A revised and updated version of Modern British Drama, 1890–1990, now covering the whole twentieth century, this was the first one-volume analysis of English playwriting to cover the most exciting and productive period in British Theatre from its inception to today. Through detailed discussions of major dramatists and plays, Innes traces the evolution of modernism from Bernard Shaw to Patrick Marber and Sarah Kane, and theatrical developments over the whole century. Includes information on the social and political environment surrounding the plays, first productions, and critical reception, plus chronology, illustrations from key performances, lists of playwrights and works, and selective bibliographies. An invaluable guide for students, theatre-goers and theatre historians.Read more
- Update of the very successful Modern British Drama, 1890–1990: comes right up to end of 2000 and beginning of 2001
- Contains reference features: chronology, bibliographies, photos from key productions; lists of playwrights and their works
- Written especially for theatre enthusiasts and students; accessible guide
Reviews & endorsements
From the first edition of Modern British Drama: '… any student wishing to survey the field will find the work invaluable.' Forum for Modern Language StudiesSee more reviews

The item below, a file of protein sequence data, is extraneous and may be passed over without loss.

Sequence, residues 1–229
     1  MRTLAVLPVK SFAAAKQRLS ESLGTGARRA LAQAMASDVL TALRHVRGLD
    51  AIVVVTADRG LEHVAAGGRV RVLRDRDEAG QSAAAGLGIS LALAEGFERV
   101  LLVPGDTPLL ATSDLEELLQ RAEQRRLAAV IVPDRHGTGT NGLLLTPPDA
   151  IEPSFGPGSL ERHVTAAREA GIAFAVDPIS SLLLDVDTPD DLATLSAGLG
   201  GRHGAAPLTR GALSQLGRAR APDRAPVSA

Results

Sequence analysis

'Christopher Innes' study provides the most valuable and extensive coverage that there has been on the subject in one volume. For teachers and students alike this work will become an essential handbook for the hundred years of British drama it covers … In short, the book is a triumph and a major contribution.' Modern Language Review
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- Edition: 2nd Edition
- Date Published: November 2002
- format: Paperback
- isbn: 9780521016759
- length: 604 pages
- dimensions: 229 x 153 x 37 mm
- weight: 0.939kg
- contains: 21 b/w illus.
- availability: Available
Table of Contents
List of illustrations
2. Defining modernism: George Bernard Shaw
3. Social themes and realistic formulae [playwrights discussed include: Granville-Barker, Workers' Theatre Movement
4. The comic mirror - tradition and innovation [playwrights discussed include: Maugham
5. Poetic drama - verse, fantasy and symbolic images [playwrights discussed include: Barrie
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